Visualization and Simulation at UiA, Orientation

Per Henrik Hogstad, UiA, Norway

Is it possible to find some special approaches that increase interest of mathematics?

Is it possible that digital tools with interactive visualizations and simulations can be of any help in teaching, learning and understanding mathematics?

A brief account of visualizations/simulations at UiA.

Demonstration of random variation in statistics courses.

Hans Petter Hornæs, HiG, Norway.

Most students have a fairly good understanding of the frequency interpretation of probability and of uniform probability. However, when neither of those apply, students find that the concept of probability is hard to understand.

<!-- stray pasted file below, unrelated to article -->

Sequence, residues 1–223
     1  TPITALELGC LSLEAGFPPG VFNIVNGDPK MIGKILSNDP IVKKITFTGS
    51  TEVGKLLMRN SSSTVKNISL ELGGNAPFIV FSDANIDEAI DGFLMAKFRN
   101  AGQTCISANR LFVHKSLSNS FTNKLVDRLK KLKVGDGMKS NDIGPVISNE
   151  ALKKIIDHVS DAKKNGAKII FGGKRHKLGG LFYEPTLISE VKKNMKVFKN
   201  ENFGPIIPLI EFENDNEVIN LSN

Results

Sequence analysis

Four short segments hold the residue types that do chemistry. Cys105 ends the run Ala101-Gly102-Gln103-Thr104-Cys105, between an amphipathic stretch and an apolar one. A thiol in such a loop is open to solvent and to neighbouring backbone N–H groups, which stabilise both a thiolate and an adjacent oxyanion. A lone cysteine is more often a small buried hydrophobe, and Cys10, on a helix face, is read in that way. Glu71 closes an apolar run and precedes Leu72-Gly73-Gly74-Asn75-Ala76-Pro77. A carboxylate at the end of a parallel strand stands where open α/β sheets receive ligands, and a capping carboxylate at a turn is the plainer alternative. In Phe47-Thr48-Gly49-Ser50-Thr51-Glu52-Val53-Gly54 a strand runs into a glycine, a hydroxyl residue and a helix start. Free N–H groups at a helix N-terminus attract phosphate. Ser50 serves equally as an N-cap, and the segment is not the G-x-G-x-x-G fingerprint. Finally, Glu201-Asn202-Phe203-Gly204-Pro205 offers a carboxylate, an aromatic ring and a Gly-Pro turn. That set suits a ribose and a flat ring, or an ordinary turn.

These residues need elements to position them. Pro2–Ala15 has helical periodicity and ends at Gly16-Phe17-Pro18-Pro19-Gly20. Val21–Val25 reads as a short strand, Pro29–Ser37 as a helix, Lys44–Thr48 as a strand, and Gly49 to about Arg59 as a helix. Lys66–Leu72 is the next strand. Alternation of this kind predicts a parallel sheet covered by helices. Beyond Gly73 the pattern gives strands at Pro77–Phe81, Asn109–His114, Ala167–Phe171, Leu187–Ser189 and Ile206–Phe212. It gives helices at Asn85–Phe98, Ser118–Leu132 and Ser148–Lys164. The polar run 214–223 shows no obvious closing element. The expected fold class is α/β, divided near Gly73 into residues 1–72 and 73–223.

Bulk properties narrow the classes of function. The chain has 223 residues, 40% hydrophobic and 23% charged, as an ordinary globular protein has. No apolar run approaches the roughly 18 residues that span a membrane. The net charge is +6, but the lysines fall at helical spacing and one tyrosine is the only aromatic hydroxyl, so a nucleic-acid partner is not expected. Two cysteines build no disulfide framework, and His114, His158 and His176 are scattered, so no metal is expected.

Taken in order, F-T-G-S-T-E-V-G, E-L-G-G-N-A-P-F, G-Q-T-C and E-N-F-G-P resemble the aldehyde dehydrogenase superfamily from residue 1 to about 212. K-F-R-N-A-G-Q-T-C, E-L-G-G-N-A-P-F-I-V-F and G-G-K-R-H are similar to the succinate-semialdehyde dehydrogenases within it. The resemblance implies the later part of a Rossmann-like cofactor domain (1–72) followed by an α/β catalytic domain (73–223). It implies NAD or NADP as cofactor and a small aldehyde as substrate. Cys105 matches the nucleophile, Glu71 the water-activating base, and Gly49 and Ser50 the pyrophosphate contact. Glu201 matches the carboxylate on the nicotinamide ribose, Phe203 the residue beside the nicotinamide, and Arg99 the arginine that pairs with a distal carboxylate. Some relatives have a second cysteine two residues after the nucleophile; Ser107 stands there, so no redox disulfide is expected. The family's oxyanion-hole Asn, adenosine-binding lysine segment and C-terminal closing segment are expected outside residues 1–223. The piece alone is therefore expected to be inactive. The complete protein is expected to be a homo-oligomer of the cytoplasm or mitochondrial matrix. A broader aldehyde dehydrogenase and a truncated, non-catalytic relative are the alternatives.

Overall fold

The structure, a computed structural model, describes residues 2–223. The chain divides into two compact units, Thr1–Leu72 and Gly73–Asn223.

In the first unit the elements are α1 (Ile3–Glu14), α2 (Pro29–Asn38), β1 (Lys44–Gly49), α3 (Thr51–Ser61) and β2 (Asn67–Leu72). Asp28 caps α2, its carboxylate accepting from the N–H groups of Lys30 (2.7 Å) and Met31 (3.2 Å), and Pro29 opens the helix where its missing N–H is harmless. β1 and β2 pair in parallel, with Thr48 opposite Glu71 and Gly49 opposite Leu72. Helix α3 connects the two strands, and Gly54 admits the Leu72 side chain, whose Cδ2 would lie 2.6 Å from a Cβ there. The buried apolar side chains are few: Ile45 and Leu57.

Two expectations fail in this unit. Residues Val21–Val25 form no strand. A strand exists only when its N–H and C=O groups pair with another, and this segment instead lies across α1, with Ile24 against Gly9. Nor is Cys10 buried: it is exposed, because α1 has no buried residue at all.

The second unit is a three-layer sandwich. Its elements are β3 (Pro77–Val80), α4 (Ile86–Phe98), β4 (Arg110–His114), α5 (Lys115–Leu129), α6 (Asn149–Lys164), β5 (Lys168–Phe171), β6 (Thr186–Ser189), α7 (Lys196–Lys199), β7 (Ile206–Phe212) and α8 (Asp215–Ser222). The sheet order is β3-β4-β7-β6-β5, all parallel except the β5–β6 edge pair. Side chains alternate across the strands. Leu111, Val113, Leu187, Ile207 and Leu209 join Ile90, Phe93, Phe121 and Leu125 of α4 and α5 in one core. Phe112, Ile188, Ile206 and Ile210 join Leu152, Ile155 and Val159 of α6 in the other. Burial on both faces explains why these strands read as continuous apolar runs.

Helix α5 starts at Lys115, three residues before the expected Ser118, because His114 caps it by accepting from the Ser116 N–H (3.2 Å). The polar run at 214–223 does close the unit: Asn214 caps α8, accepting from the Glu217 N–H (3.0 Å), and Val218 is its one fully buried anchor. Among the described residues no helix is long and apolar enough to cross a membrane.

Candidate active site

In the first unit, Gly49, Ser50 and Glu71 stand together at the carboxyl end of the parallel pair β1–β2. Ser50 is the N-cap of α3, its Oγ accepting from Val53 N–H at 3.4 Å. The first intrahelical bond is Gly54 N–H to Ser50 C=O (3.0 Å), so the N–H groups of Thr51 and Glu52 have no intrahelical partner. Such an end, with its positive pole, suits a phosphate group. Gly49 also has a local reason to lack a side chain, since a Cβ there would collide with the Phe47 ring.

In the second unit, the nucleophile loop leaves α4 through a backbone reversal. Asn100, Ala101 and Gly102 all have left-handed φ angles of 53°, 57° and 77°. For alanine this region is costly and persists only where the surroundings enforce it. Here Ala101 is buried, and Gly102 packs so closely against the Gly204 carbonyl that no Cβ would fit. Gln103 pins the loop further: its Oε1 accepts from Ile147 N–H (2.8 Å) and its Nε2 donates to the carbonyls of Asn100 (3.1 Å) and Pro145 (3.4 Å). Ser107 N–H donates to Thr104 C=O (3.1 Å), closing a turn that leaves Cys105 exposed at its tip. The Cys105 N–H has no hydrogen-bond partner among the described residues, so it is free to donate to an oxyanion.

For example, when quantifying uncertainty in statistical methods, the students struggle with more abstract concepts like level of significance and test power.

By using a random generator in a suitable computer program, one can artificially produce large amounts of data according to a model defined by the lecturer. In this way repetition of experiments can be mimicked, and the relevant probabilities will be reflected in the frequencies. In this presentation I will demonstrate examples of ways of doing this appropriate for demonstration in lectures or videos. Many students have responded that this clarifies the concepts, and that a few minutes spent on this is well worth the time it takes away from discussing theory and examples.

The choice of programming environment is not important, but I do this in the computer algebra system Maple, which our students have some familiarity with.

Mathematics and programming for technology students at NTNU

Marius Thaule , NTNU, Norway